Archival Clothing - Made in USA

Posts Tagged ‘outdoor clothing’

Shopping from the 1930s: Montgomery Ward

September 30th, 2011

Exemplary outerwear

I’ve been on an ebay shopping spree for Montgomery Ward catalogs (the Archival bible). I’ve secured a few new Fall editions from the 1940s which I’ll be reprinting here–in bits–in the next few months. Copies of the 1930s catalogs are more tricky to source. Inspired by Spokesniffer and Reference Library, I’m capturing auction images as placeholders for items I did not buy. Here are a few frame grabs from vintage catalogs from the 1930s that were beyond my “buy it now” pricepoint. If I could make it so, these would all Archival offerings for Fall 2011. Smitty “Whata Sweater” would be announced as our new Archival mascot.

Smitty Sweater

Heavy weight shawl collar sweaters and cardigans

All wool blazers


Denim jackets, overalls and trousers

Canvas duck field jackets

All wool shaker sweaters

Heritage workwear for women

Pendleton blankets

Archival Outing

June 15th, 2011

We couldn’t pass up the opportunity to take a Sunday afternoon paddle by canoe on the McKenzie River. The promise of fish and fine riparian views outweighed our reluctance to venture out into the drizzle. What care we when we have the best waxed cotton outerwear for the worst Oregon Spring in recent memory.

Rick’s prized Grumman (a transplant, like Rick, from Minnesota)

Namesake

Prized canvas duck duffle (family heirloom)

Flies tied for the occasion

Preparing to launch

My assignment

In full wax garb

Passing view

Non archival footwear (and Filson fly-fishing strap vest)

Recommended substitution

Success! (first of several)

Archival Mountaineers

March 16th, 2010


This spring mountaineering season: Pull on your knickers, grab your rucksack, lace up your tallest boots, help your pals with their bowlines-on-a-bight, and head for the hills. Here in Oregon, I’ll limit archivally-equipped outings to big, basic mountains – South Sister would be ideal, but the bold could go for Three-Fingered Jack, named after an infamously disfigured 19th century bandit. Archival Clothing is not responsible for the failure of wooden ice axes or hempen ropes.





Shopping From The Mazamas

November 28th, 2009

by Tom Bonamici


Link
The Mazamas were founded in 1894. The first meeting took place on the summit of Mt. Hood – if you made it to the top, you were deemed worthy of membership. I’m particularly fond of the campsite with several wall tents, which an Archival Clothing contact lived in for over a year and confirms to be practical and convenient. The woolen climbing garb might seem obsolete, but just consider the report of Graham Hoyland, who reports that 1920s-era clothing performed just fine on Mt. Everest. So if you plan on any mountaineering next season, please consider re-assigning a use value to natural fibers! That said, wooden ice axe shafts have been known to break, and Archival Clothing does not condone their use.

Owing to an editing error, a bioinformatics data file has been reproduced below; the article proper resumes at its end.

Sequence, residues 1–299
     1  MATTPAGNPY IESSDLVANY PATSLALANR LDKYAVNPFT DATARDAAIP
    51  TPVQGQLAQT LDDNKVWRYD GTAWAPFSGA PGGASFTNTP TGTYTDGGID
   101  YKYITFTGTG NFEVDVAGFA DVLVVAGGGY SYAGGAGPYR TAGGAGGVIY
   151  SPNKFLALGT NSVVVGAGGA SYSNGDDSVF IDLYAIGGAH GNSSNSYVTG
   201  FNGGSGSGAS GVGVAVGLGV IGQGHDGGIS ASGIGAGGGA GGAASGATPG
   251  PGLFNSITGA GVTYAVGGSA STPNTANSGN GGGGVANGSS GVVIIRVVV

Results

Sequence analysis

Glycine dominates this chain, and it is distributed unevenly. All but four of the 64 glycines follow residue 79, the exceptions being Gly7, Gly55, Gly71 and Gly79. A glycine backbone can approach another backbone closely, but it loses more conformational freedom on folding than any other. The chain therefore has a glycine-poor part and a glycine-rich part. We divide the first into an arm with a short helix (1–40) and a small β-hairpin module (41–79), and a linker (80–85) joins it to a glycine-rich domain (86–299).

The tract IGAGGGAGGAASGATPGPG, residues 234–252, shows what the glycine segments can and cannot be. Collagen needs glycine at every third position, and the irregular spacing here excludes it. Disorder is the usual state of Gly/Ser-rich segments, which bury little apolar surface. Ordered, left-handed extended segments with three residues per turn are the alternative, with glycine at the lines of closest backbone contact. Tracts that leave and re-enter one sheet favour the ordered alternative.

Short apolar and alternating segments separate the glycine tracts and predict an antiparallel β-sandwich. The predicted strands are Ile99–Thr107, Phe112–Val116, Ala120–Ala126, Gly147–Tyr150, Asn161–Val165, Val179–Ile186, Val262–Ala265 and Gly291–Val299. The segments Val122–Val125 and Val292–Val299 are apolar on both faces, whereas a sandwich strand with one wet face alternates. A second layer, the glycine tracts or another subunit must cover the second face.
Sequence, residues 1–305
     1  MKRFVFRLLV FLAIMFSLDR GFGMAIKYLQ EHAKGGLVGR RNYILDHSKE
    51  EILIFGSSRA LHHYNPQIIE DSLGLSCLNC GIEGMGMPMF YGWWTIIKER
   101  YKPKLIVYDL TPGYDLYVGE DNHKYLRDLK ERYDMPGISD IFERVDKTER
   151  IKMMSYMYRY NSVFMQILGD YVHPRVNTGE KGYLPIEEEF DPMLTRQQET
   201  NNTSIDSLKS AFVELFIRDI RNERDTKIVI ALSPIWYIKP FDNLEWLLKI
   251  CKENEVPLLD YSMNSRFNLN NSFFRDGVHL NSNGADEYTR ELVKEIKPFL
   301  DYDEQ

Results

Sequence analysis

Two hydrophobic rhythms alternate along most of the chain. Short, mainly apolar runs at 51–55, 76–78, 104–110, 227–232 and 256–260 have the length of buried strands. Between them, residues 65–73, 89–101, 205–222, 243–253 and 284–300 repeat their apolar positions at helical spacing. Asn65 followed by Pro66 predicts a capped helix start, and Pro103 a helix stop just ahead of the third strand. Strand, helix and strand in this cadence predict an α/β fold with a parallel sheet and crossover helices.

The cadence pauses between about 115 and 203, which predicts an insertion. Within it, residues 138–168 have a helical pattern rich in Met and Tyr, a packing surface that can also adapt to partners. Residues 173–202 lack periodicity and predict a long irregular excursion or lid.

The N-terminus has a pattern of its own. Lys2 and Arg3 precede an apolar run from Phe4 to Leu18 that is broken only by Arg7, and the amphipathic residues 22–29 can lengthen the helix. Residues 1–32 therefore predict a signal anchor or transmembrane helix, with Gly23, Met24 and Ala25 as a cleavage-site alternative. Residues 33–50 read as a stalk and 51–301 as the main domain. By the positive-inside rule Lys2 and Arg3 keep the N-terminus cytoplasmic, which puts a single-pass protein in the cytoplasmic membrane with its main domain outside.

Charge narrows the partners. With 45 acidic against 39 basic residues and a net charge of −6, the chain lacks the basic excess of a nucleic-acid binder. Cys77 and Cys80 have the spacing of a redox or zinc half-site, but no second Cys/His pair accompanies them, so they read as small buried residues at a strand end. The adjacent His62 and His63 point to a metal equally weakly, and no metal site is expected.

Shopping from 1921: Équipages Français

October 21st, 2009









Manufacture Francaise d’Armes & Cycles courtesy Pillpatt (agence Eureka)
Thanks to one of my favorite Archival finders, Robin E., who pointed me to this flickr set featuring pages from Manufacture Francaise, a French firearms and clothing catalog from 1921. Per an auction note for a related item: “Manufacture Francaise produced an annual catalogue with over 700 pages and thousands of images of various products for sale. The catalogue provides a great deal of information of every kind needful to Sportsmen, Cyclists, Anglers, Tourists, etc.”

Shopping from the Dartmouth Outing Club

September 23rd, 2009

Ed. note: Friend and Archival Clothing contributor Tom B. returns from summer break with a brief visual blurb on the classic style of his alma mater’s historic outing club.


During my time in college, I was very active in the Dartmouth Outing
Club
, the oldest collegiate outing club in the country. It’s a
terrific organization, running freshman orientation trips, maintaining
trails, and hosting scores of hikes, bikes, paddles, and climbs every
term. However, upon doing some digging in the club reports from years
past, I believe that sartorial standards have slipped dramatically.






A week ago, Tom field tested this lightweight, all cotton hiking ensemble (minus kerchief) inspired by the Dartmouth Outing club photo archives:


Shopping from the Dartmouth Outing Club

September 15th, 2009

Ed. note: Friend and Archival Clothing contributor Tom B. returns from summer break with a brief visual report on the classic style of his alma mater’s historic outing club.


During my time in college, I was very active in the Dartmouth Outing
Club
, the oldest collegiate outing club in the country. It’s a
terrific organization, running freshman orientation trips, maintaining
trails, and hosting scores of hikes, bikes, paddles, and climbs every
term. However, upon doing some digging in the club reports from years
past, I believe that sartorial standards have slipped dramatically.






A week ago, Tom field tested this lightweight, all cotton hiking ensemble (minus kerchief) modeled on a photo from the Outing club archives: